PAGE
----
Wednesday 12 November 2014

Rosetta and Philae #CometLanding

The Philae Lander has left the Rosetta spacecraft and is moving at normal walking place to the comet right now. It should,we hope, touch down successfully on Comet 67P Churyumov- Gerasimenko at 335pm today – however, because we on Earth are 300 million miles away from the comet we won't receive the signal from the lander till 4pm.

NASA and ESA are live streaming the mission control room.

The controllers received radio contact with Philae at 11am today – and at 125pm today they have said that they have received pictures from it on its descent and have all the data they were expecting at this stage.

The surface of the comet is unknown it could be anything from rock hard to powder soft.

Why this mission is important?

Well firstly, if successful, this will be the first ever soft landing of a robotic probe on a comet. Past exploration has only involved flying past comets and taking pictures so actually landing on one will be an amazing achievement given its equivalent to transferring an object from one speeding bullet to another. It's going to require some incredible parking skills that's for sure!

The comet is moving at  33,000 mph and it's gravity is 100,000 times weaker than Earth's, because of this lack of  gravity this means that the Philae probe will have to attach itself firmly to the comet on impact. The probe will need to use landing leg screws and 2 harpoons to lock onto the surface and not bounce back into space! It also has some thrusters to stop it rebounding but whether they are working can not be confirmed.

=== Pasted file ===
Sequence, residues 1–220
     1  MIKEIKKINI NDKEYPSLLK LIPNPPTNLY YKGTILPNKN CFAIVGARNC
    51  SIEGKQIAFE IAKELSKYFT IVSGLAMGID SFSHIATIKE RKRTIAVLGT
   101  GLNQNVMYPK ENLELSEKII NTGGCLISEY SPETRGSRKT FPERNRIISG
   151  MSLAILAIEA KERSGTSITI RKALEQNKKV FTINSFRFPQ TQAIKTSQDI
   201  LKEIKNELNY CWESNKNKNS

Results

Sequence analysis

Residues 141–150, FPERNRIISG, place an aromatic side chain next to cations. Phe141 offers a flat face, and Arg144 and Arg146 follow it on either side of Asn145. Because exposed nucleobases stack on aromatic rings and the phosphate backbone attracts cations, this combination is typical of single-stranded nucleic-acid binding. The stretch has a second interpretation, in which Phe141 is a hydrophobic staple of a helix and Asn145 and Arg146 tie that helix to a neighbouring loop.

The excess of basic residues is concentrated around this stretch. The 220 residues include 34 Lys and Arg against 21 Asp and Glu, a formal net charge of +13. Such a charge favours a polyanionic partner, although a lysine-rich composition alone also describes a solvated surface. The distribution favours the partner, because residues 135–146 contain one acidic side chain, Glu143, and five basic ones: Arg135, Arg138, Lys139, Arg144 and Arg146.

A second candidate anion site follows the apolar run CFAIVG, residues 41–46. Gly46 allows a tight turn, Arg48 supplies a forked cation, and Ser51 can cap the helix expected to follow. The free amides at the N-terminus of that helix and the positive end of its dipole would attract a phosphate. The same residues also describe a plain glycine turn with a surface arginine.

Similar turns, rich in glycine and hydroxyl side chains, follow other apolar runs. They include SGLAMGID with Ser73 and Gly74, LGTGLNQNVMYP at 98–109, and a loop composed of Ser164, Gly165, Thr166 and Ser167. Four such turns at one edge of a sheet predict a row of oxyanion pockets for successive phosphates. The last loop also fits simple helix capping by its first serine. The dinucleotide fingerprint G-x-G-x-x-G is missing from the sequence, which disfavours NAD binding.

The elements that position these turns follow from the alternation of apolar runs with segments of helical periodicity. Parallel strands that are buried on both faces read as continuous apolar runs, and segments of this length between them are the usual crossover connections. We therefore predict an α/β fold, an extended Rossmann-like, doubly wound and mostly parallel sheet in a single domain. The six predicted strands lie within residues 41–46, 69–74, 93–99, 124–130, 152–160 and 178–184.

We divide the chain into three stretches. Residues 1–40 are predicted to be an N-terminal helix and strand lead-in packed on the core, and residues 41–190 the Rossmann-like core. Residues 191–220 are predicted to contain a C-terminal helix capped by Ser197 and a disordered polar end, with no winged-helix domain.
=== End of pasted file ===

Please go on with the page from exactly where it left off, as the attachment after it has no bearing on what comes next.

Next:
Even if the landing attempt should fail, all is not lost however, as Rosetta has been taken many pictures and measurements of the comet in recent weeks and all this new data on comet is new science!

What do we hope to find?
Comets are bits of rock and ice left over from the creation of our solar system 4.5 billion years ago. They are literally bits of the past that have been frozen in time. So understanding what they are made of is important. There are also some scientific theories that comets may have played a part seeding the Earth with water and the other basic ingredients for life and all the science data from this mission will help to  understand these theories.

What the lander will do on the comet?

If the Philae probe successfully attaches to the surface then it will begin a series of experiments to analyse the composition and structure of the comet. It will drill into the soil, take pictures with its onboard cameras and detect a radar signal sent through the comet from Rosetta.

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